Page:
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Posted January 31, 2013 | comments Leave a comment

Dramatic skits train police for mental health crises

By Joe Beck

The agitated woman perched on a ledge in the upper tier of the jail was ready to jump into space and maybe to her death.

"Oh my God, somebody help me," she shouted. "I'm scared of heights."

One of the deputies standing behind her tried to calm her down.

"I can help you if you want to turn around," he said softly. "I can help you."

The drama ended with the woman being eased back inside by deputies Sharon Bennett of Warren County and Phillip Carter of Page County.

The tension broke, and the would-be jumper and her rescuers returned to the real world, secure in the knowledge she was never in danger. It was all a role-playing exercise conducted for and by deputies from Warren and Page counties at the Rappahannock Regional Criminal Justice Academy in Middletown.

Staff members from Northwestern Community Services were there to help frame the exercise by playing the part of mentally ill people in various states of distress.

The mental health workers, drawing on years of observing countless patients, performed with the intensity of Al Pacino and Jack Nicholson in some of their memorably manic roles.

"I just couldn't keep it going. It was too hard to keep it going," Ramona G. Dobbs, one of the training coordinators, said after she had spent about 10 minutes standing on top of a table in which she played the part of a distraught teenager. At one point, she chucked an empty beer can near the feet of one of the officers trying to calm her down.

The purpose of the role-playing was to give law enforcement officers a chance to build the skills needed to bring emotionally fraught encounters with the mentally ill to peaceful resolutions.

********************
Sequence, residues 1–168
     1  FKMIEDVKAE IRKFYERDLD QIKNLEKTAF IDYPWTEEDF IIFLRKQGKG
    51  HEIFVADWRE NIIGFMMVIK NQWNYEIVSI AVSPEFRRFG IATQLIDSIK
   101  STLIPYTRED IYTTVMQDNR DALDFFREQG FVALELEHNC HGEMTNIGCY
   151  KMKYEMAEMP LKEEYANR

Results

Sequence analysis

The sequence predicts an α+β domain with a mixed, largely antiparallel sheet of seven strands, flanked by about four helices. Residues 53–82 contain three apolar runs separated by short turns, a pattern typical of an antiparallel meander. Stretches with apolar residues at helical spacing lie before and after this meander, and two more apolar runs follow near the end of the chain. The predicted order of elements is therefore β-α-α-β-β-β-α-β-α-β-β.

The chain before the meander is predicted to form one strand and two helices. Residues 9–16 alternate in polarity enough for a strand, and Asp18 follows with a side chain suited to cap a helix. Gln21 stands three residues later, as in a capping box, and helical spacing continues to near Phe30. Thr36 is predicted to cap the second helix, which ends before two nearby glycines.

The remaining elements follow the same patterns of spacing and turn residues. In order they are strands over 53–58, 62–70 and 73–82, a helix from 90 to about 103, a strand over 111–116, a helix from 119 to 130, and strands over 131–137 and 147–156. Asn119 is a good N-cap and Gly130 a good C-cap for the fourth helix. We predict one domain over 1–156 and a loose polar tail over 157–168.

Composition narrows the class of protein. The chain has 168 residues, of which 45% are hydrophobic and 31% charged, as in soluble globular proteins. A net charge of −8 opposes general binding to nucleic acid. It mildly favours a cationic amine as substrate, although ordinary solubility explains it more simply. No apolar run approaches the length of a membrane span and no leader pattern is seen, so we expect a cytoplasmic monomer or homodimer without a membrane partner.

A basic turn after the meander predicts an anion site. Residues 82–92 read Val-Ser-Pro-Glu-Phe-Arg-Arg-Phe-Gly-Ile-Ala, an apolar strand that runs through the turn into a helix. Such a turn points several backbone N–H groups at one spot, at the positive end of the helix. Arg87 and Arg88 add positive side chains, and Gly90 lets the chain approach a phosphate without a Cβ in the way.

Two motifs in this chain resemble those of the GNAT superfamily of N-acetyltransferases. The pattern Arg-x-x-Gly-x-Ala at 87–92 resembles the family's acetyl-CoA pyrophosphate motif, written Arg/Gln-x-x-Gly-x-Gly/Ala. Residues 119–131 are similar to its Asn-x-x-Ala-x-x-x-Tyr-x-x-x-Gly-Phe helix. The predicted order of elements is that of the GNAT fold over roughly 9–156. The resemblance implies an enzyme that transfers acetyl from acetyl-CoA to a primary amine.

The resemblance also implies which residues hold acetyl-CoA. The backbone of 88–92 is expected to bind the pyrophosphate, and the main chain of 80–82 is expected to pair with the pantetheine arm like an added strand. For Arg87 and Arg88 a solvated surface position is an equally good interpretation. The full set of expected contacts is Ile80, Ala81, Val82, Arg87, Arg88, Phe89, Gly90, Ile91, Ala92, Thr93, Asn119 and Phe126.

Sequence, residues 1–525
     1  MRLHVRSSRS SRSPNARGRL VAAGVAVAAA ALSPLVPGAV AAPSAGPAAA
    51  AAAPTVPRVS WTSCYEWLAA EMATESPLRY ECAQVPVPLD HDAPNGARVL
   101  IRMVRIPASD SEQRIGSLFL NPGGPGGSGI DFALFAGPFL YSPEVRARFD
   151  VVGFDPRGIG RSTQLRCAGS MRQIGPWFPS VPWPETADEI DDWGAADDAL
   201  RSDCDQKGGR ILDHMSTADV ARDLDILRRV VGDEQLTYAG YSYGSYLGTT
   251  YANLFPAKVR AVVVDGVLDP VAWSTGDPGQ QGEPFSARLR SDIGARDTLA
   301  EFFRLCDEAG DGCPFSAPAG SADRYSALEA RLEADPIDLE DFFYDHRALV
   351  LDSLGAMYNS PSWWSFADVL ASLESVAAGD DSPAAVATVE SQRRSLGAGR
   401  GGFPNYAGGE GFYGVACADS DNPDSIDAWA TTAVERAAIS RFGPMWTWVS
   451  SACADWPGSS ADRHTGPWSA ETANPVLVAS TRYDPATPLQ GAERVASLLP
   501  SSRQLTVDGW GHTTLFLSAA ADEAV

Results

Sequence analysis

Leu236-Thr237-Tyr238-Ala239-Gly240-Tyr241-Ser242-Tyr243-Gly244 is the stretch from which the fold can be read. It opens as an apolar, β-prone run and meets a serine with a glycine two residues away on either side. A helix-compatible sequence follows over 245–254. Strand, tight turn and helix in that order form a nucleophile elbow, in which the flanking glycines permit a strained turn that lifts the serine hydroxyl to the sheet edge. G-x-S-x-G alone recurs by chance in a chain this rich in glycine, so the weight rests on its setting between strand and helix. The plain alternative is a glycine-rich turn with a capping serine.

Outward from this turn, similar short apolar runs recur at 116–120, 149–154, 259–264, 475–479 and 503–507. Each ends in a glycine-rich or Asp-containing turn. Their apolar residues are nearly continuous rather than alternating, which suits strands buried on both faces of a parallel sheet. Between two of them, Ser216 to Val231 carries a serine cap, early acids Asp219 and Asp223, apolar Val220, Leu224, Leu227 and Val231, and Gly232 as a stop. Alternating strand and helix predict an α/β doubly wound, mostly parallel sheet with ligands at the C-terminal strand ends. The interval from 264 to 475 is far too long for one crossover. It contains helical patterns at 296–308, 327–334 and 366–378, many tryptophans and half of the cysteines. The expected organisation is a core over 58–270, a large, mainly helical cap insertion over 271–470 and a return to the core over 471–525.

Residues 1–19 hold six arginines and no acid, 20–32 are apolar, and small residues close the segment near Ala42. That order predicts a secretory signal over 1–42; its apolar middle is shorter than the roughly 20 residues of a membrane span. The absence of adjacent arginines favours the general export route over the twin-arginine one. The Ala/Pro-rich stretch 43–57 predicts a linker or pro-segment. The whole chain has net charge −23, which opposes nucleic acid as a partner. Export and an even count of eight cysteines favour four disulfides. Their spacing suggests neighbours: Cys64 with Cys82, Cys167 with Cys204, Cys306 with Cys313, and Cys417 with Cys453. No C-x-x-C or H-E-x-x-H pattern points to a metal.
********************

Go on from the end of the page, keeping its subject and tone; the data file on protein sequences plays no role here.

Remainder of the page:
Interactions with mentally ill people are a common part of law enforcement, especially in the jails, said Sgt. Rosie Carroll, a staff member at the academy and also a jailer with the Northwestern Regional Adult Detention Center in Winchester.

"Unfortunately, mental health cases are becoming more prevalent in the jails," Carroll said. "There's no place to put them."

Dennis Vaughn, a member of the Northwestern Community Services Crisis Response team, said he has had a few years to polish his role of a man suffering from paranoid delusions in which he imagines himself working to foil a plot by the Burger King monarch to assassinate President Obama.

Vaughn said the idea came to him one night while he was reading something about John Kennedy's assassination. From there, Vaughn worked up the idea for a script in which a mentally ill man describes to police how the initials of Obama's first name, BK, are the same as those of the fast food franchise. The plot in the man's mind thickens as he realizes that the first lady has been crusading for healthy eating habits, thus giving Burger King's cartoonish mascot a motive for wanting to harm the president.

It may seem comical to most people, but Vaughn said the patients he works with are completely earnest about their fantasies and deserve some empathy from the rest of society.

"If you truly have those beliefs, trying to live in this world would be really frustrating," Vaughn said in an interview.

Deputy Aaron Cubbage of Page County said he found the role-playing and the four days of classes and lectures that preceded it to be a valuable experience.

"It's been a really great class," Cubbage said. "I'm learning more than I expected."

Contact staff writer Joe Beck at 540-465-5137 ext. 142, or jbeck@nvdaily.com


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